Workaholic VS High Performer

You may think being a “workaholic” and a “high performer” are very similar in nature, but they are vastly different. They are in fact nothing alike.

A workaholic and a high performer both look like hard workers, but there is a significant difference between the two. The biggest difference is how the person feels on the inside about who they are in their relationship with their work or their career.

A high performer works hard in a healthy environment and is a sustainable asset to a team, and to themselves. This person will feel happy and inspired. A workaholic on the other hand, works hard in unhealthy environments, cannot carry through a sustainable attitude in times of need, feels unhappy, and most of the time has no time to feel inspired.

A workaholic will usually suffer from a burnout. If not now, then something will trigger this in the future.

In my experiences working with both leaders, and the general workforce over the span of my career, I have learnt to identify the key, contrasting differences between the two, some I have included below:

1. High performers know their value. Workaholics allow others to determine their value.

Someone who is a high performer will know their self-worth and can thus work with a sense a freedom. They will unconsciously do periodic self-evaluations of their performance, whether it is in their current roles, or their overall careers, so that they can enable themselves to constantly improve. They unconsciously create their own feedback loops rather than waiting on feedback from others. They are pro-active in solving problems and are strong initiators.

Someone who is a workaholic, on the other hand, will rely on external validation from those around them: their managers, colleagues, customers and other stakeholders. They wait for external evaluations, such as mid-year or annual reviews, to understand how well they are doing, which causes them to work with a constant sense of fear and anxiety.

2. A high performer gives 100% at the right time. A workaholic gives 110% all of the time.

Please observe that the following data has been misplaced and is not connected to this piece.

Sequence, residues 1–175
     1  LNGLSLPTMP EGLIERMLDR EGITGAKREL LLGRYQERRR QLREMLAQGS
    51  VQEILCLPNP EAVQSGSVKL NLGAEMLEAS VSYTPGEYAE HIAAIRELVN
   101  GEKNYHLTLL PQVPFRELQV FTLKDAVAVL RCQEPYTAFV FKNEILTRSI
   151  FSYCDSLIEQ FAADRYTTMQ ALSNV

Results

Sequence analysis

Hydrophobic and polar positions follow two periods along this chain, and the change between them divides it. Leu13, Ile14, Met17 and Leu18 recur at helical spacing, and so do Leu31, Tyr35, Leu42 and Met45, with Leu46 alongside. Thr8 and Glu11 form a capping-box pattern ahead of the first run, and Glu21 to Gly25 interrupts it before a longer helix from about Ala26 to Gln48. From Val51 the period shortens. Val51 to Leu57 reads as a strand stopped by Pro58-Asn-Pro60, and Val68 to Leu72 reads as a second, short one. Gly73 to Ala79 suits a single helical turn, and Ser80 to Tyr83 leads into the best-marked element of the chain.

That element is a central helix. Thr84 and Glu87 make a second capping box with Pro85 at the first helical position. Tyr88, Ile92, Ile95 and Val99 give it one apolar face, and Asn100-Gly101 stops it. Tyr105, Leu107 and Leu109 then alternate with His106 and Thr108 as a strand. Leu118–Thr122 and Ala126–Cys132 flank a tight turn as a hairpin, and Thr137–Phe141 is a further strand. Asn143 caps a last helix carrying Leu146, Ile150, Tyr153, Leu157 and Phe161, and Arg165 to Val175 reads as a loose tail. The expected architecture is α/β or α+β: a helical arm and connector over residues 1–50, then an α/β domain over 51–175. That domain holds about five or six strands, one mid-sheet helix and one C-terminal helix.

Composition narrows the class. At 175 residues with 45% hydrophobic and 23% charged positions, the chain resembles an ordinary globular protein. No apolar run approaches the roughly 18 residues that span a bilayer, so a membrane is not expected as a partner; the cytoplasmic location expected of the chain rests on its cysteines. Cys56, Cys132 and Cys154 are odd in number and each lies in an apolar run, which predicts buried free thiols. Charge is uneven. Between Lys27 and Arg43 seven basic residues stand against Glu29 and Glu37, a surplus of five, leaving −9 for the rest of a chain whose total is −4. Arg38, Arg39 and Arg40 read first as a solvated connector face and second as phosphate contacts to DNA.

Someone who is a high performer knows when to “turn it up.” They know when they’re expected or required to give everything they have and they save their hard energy for those occasions.

They don’t buy into the illusion of 110%, they know that 110% is unsustainable in the long run. Instead, they focus on increasing their capacity so that their 100% is better than the competition’s 110%. They are sustainable leaders, and sustainable performers.

A workaholic attempts to go all out, all the time. It is for this reason that they burn out so easily, and thus take regular sick days if they are entitled to do so. Workaholics have difficulty prioritising what is important, and they also have a low ability to be able to break down a goal or objective, so that smaller action steps can be put into place. To a workaholic, EVERYTHING is important in their mind.

3. A high performer does business. A workaholic is just busy.

A high performer has a primary goal to do good business, and to do good quality work. The only thing that matters to them is results. If they can’t see a way to create value in the moment, they facilitate or strategise instead. They know that like the economy, business comes in waves, therefore they do the preparation during the troughs so they can capitalise during the peak periods, no matter what profession or industry this high performer is operating in.

The number one goal of someone who is a workaholic is to be busy at all times as they believe that the busier they are or the busier they appear, the more important they must be and thus the more successful they will become.

Workaholics fill any space in time with busy work because they feel insecure doing nothing. The insecurity comes from not knowing their value or their overall worth.

4. A high performer takes initiative. A workaholic is reactive.

A high performer will map out their day in advance to make sure they will get their most meaningful work done. Only after they have completed these takes do they allow themselves to shift focus to unplanned events or tasks. Eyes are on the prize.

By stark contrast, a workaholic’s day is driven entirely by outside distractions like reading emails constantly and handling crises. If and when all of this gets done, they try to do what is most meaningful.

We all fall into the trap of being a workaholic some days, but it is most important to constantly be aware of yourself, how you are tracking, and be realistic about your current situation. The quicker we can realise the differences between the two, the quicker we can bring out the high performer in ourselves.

A high performing approach is critical to career success!